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[hyoo-mer] /ˈhyu mər/
noun, verb (used with object), Chiefly British.
Usage note
See -or1. Unabridged
Based on the Random House Dictionary, © Random House, Inc. 2017.
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Examples from the Web for humouring
Historical Examples
  • She had loved this unalterable good-temper of his, and admired the tactful way he had of humouring women.

    Double Harness Anthony Hope
  • Whether he is really going to let her or is only humouring her, I don't know.

    Margarita's Soul Ingraham Lovell
  • And both he and his wife are soon aware that in doing so, he is only humouring the caprice of a dying man.

  • Instead of flattering and humouring him, he became imperious and spiteful.

  • The three, as if humouring a child in its play, feigned a profound ignorance of what Nanna had in hand.

    The Helpmate May Sinclair
  • And, while she was humouring him, it suddenly occurred to her, why not do it thoroughly?

    The Girl on the Boat Pelham Grenville Wodehouse
  • I said, forgetting caution and the need that existed for humouring him, everything in fact, in my anxiety.

    Pharos, The Egyptian Guy Newell Boothby
  • Surely it was not humouring this boy to let him sit down when he was tired.

  • They knew Jun wanted them to believe he was joking, humouring Paul.

    The Black Opal Katharine Susannah Prichard
  • In humouring her up to a point, Byron had acted for the best.

    The Love Affairs of Lord Byron Francis Henry Gribble
British Dictionary definitions for humouring


the quality of being funny
Also called sense of humour. the ability to appreciate or express that which is humorous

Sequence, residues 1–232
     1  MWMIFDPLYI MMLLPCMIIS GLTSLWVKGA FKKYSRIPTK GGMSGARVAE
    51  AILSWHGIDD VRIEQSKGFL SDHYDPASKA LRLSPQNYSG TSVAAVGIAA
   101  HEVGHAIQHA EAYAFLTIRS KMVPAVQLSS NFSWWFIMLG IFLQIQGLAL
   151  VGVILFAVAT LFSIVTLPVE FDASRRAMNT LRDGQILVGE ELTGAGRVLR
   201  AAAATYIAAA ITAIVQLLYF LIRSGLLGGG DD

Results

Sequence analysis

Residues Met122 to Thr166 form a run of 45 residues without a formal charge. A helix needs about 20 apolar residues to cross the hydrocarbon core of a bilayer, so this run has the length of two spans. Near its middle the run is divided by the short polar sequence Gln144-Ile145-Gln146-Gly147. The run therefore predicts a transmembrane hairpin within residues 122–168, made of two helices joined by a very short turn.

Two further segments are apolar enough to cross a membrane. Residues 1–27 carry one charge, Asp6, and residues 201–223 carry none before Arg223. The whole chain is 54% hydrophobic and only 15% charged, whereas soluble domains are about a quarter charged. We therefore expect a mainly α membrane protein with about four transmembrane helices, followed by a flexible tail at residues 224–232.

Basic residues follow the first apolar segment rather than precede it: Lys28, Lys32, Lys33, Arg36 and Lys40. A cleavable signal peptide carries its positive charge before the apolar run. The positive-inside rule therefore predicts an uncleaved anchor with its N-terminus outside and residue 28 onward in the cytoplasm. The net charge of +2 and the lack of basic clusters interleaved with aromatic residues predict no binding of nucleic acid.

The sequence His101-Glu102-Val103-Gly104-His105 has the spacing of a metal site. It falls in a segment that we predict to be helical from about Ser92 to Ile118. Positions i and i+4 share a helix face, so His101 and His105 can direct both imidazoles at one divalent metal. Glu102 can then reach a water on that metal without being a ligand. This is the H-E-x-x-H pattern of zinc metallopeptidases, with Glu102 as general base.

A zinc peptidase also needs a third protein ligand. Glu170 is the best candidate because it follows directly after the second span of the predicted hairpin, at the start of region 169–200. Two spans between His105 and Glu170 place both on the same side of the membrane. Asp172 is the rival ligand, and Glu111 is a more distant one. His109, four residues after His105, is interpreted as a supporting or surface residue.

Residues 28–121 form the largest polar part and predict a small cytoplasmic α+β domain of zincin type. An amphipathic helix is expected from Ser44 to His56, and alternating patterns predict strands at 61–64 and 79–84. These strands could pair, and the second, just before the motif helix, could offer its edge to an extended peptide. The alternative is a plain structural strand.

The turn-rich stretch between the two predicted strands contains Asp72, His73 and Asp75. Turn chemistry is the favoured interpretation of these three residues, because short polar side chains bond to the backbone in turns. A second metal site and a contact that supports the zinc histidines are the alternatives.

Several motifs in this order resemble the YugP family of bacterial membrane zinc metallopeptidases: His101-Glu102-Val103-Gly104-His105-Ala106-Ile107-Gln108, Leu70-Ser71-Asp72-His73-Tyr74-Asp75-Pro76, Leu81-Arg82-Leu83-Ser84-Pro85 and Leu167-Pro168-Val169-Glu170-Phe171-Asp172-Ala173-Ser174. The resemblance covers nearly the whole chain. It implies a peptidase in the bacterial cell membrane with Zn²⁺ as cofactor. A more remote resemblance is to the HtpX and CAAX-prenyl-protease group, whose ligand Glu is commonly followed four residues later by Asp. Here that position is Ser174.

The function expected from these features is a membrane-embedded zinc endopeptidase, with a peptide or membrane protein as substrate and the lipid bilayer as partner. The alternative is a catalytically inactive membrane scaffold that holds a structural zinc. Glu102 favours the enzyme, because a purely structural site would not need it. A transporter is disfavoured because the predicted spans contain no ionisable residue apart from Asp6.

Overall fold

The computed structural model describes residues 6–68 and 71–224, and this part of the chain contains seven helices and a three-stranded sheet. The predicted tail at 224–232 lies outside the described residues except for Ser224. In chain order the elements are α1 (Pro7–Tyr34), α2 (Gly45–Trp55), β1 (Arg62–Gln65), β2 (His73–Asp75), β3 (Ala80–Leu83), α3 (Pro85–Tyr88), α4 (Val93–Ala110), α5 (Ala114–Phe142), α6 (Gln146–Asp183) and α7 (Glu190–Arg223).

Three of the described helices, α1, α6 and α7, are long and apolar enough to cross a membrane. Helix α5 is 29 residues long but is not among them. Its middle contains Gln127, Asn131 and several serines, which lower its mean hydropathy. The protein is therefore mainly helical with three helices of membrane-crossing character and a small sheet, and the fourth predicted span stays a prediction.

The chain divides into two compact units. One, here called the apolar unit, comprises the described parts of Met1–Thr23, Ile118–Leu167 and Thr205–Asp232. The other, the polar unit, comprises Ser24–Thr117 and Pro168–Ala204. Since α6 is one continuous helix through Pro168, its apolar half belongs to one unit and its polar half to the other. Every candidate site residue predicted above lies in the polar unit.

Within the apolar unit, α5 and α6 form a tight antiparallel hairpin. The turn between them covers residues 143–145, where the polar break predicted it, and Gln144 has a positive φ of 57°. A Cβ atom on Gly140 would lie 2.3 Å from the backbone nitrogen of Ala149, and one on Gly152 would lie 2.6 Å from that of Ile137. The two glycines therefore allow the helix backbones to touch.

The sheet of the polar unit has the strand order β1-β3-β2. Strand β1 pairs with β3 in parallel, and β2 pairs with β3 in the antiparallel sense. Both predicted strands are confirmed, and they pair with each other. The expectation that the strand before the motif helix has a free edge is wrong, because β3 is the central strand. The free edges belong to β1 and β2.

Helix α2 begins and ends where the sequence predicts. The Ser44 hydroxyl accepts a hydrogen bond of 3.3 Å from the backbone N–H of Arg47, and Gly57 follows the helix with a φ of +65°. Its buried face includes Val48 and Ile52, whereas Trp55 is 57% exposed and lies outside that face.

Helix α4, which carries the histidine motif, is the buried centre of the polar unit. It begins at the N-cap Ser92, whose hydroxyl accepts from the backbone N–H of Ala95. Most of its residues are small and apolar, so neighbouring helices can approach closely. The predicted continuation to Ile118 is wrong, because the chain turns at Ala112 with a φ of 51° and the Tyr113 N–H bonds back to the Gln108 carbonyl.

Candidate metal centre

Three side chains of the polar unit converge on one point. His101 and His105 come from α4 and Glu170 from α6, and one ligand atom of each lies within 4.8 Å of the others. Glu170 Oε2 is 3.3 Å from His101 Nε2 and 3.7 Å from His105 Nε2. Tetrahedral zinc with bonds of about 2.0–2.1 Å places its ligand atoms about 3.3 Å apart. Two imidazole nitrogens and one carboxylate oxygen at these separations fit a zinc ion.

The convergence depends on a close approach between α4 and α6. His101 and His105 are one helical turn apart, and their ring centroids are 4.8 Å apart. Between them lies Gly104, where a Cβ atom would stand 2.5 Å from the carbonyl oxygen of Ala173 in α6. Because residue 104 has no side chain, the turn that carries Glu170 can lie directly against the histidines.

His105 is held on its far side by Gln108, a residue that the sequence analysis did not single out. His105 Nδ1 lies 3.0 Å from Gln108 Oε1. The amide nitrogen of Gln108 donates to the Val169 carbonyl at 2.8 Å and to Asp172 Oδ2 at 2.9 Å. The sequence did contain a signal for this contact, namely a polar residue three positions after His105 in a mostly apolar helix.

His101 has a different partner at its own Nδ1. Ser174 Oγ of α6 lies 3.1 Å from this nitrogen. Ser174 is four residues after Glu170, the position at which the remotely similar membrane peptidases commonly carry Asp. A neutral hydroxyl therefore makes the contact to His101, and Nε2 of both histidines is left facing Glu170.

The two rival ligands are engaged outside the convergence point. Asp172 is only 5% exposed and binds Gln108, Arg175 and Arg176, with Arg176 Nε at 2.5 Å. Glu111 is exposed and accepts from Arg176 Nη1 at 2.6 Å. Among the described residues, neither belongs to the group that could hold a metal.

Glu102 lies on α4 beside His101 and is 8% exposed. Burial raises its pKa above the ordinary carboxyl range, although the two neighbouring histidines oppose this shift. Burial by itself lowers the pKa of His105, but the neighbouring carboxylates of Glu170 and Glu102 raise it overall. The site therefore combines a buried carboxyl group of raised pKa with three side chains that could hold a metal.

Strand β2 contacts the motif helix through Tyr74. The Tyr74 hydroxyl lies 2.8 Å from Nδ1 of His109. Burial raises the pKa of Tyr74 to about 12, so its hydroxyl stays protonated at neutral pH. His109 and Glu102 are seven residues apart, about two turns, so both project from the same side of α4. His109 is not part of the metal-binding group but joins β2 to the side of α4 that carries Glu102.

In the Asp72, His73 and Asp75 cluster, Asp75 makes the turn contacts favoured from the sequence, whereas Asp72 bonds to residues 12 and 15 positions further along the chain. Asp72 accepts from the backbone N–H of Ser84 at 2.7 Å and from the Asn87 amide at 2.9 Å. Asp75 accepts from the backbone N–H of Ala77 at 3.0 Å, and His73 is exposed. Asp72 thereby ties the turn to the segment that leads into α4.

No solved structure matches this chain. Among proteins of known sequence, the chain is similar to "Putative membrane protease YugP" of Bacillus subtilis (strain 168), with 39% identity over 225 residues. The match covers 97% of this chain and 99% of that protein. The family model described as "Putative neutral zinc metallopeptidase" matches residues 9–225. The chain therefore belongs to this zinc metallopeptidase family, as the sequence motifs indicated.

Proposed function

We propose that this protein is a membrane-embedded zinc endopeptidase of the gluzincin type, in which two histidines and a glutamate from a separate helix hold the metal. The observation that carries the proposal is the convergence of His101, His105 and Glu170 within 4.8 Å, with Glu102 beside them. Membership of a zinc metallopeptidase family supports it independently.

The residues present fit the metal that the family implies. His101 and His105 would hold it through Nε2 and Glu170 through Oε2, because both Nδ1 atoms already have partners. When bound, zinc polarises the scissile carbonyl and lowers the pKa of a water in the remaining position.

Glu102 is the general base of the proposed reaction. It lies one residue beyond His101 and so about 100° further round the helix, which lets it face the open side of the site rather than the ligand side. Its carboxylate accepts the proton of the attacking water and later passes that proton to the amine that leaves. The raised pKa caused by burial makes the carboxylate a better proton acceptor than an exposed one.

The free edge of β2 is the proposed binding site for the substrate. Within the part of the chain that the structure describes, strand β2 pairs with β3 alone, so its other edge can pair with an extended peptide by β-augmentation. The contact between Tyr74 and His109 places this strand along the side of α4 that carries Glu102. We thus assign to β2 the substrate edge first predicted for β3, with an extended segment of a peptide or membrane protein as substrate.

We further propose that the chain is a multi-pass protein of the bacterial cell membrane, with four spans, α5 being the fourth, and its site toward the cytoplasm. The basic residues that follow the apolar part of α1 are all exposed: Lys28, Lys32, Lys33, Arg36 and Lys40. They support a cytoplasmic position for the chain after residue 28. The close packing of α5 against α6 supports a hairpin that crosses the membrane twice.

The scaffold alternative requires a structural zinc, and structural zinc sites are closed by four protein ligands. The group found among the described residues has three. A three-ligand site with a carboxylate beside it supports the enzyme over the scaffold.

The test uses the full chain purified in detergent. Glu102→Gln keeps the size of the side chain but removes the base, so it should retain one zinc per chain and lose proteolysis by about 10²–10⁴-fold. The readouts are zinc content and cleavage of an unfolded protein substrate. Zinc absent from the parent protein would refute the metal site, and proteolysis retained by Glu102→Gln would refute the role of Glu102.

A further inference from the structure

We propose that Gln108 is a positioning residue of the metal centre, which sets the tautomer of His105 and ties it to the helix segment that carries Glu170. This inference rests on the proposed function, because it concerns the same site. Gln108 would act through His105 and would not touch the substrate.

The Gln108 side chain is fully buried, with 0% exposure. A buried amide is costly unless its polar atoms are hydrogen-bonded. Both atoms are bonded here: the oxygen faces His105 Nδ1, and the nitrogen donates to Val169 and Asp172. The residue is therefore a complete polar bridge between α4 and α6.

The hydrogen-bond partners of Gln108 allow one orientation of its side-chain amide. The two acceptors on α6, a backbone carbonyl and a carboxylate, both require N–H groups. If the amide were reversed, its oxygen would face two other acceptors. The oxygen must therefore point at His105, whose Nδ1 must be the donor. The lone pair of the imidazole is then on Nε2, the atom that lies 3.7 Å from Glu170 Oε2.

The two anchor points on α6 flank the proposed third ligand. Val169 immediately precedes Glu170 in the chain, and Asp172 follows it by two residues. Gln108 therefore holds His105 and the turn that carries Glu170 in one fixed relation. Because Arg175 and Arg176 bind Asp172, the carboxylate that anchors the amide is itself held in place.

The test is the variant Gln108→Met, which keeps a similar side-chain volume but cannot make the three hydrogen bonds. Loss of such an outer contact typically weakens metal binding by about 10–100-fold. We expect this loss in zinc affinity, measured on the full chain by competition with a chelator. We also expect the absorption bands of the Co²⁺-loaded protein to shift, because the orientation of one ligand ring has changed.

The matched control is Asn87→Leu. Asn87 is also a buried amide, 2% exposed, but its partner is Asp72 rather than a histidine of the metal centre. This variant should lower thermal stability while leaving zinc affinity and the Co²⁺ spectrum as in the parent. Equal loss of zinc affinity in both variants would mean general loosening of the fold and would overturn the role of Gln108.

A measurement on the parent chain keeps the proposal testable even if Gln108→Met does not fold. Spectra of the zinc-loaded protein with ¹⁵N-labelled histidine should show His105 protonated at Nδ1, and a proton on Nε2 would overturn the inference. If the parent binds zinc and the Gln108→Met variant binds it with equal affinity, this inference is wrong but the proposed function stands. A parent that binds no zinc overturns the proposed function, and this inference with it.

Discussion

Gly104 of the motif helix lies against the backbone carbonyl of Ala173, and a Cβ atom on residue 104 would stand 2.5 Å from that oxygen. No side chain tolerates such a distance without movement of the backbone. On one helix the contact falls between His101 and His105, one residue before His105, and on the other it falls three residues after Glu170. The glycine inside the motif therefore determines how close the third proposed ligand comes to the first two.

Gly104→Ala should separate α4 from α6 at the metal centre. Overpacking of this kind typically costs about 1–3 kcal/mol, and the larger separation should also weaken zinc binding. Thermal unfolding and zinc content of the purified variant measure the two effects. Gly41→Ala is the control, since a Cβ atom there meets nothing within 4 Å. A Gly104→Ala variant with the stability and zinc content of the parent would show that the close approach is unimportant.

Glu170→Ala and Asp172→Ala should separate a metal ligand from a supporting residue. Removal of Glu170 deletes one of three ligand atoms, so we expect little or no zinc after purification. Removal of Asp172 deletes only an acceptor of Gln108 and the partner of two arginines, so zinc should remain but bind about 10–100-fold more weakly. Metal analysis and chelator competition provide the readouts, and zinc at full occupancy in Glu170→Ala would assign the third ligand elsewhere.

situations, speech, or writings that are thought to be humorous
  1. a state of mind; temper; mood
  2. (in combination): ill humour, good humour
temperament or disposition
a caprice or whim
any of various fluids in the body, esp the aqueous humour and vitreous humour
(archaic) Also called cardinal humour. any of the four bodily fluids (blood, phlegm, choler or yellow bile, melancholy or black bile) formerly thought to determine emotional and physical disposition
out of humour, in a bad mood
verb (transitive)
to attempt to gratify; indulge: he humoured the boy's whims
to adapt oneself to: to humour someone's fantasies
Derived Forms
humourful, (US) humorful, adjective
humourless, (US) humorless, adjective
humourlessness, (US) humorlessness, noun
Word Origin
C14: from Latin humor liquid; related to Latin ūmēre to be wet, Old Norse vökr moist, Greek hugros wet
Collins English Dictionary - Complete & Unabridged 2012 Digital Edition
© William Collins Sons & Co. Ltd. 1979, 1986 © HarperCollins
Publishers 1998, 2000, 2003, 2005, 2006, 2007, 2009, 2012
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Word Origin and History for humouring


chiefly British English spelling of humor; see -or. Related: Humourous; humourist.

Online Etymology Dictionary, © 2010 Douglas Harper
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